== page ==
I also see a lot of people talking about friction methods of fire starting, such as the bow drill. Now, I agree that it is worthwhile learning how to make and use a bow drill, because it can be made out of materials you find in the wild. But I sure wouldn’t want to use one as my primary fire starter.
My favorite fire starter is a piezoelectric butane lighter. The piezoelectric igniter on these lighters keeps reigniting the fuel over and over again, as long as the gas switch is depressed. This eliminates the problem of the lighter being blown out by the wind, making it simple and effective to use.
Building a Temporary Shelter
Shelter is one of our top survival priorities, because it is needed for helping us maintain our body temperature. This is especially critical in wet weather, as wet clothing will make us lose our body heat faster than being naked. Yet few people carry any sort of shelter in their bug out bag.
The most commonly touted temporary survival shelter today is the debris hut. This can be made out of readily-available, natural materials, assuming you are in a forest. They’ll keep you warm and dry, even they aren’t all that big.
But it takes anywhere from 45 minutes to an hour and a quarter to make a debris hut; and that’s assuming you are in a forest, with lots of sticks and leaves on the forest floor. But what if you’re in an area where there is no forest; what do you do then?
I prefer carrying an ultra-light tarp in my pack and using this to make a shelter. I’ve made many an emergency shelter out of nothing more than this tarp, some paracord and sticks; and I’ve done it I ten minutes or less. Simple, right?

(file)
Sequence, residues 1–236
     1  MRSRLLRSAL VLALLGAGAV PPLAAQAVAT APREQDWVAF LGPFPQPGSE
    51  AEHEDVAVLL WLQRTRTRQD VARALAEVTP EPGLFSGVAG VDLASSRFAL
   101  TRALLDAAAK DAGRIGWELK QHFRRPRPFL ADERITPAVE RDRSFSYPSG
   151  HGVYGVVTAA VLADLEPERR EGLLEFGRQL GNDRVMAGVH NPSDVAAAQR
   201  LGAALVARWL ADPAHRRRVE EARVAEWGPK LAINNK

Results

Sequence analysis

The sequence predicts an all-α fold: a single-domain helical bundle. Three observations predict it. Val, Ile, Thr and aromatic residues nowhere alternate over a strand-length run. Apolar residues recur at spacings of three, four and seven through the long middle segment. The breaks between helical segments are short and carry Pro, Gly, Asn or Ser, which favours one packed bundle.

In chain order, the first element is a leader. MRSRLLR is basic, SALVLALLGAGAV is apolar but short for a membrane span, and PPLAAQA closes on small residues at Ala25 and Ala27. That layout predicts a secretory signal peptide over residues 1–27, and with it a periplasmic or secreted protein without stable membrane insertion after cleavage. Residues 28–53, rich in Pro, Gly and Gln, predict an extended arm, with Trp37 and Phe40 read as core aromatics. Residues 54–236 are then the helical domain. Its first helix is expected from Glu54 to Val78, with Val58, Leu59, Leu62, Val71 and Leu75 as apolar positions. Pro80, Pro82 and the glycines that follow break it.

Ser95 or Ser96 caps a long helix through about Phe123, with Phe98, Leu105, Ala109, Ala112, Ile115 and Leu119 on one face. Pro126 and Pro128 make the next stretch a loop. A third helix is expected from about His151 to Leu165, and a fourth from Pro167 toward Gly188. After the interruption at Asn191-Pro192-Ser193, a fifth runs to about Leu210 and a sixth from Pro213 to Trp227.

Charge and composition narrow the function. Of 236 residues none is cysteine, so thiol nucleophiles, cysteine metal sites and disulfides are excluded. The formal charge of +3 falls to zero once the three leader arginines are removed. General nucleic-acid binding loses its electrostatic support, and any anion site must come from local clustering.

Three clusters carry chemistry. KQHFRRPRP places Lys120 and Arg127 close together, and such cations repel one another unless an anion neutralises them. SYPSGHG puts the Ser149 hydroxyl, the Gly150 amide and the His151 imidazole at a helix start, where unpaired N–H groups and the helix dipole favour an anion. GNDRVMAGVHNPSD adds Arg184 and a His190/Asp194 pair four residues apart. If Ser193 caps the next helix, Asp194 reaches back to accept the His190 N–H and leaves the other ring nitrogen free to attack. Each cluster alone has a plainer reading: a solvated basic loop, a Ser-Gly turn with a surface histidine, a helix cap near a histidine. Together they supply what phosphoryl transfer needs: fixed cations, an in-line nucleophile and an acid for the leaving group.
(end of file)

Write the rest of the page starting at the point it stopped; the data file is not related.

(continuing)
After the ability to keep warm, the next most important survival need is clean water. How difficult it will be to find water will depend a lot on where you are. There are parts of the country where you will be surrounded by water and there will be others where you have to walk days to find it. In either case, purifying that water, before using it, is critical.
There are a number of different kinds of water purifiers out there, including filters, chemicals and heat purification. While the chemical and heat purifying methods work, the simplest is using a filter. The only problem with that is that any filter has a limited life, measured in how many gallons it will purify. So you may want to carry more than one.
What makes a filter so good, is that it is simple to use. Regardless of whether you are using a straw-type filter or a bag-type filter, you can filter water quickly and easily. That’s important when you’re thirsty.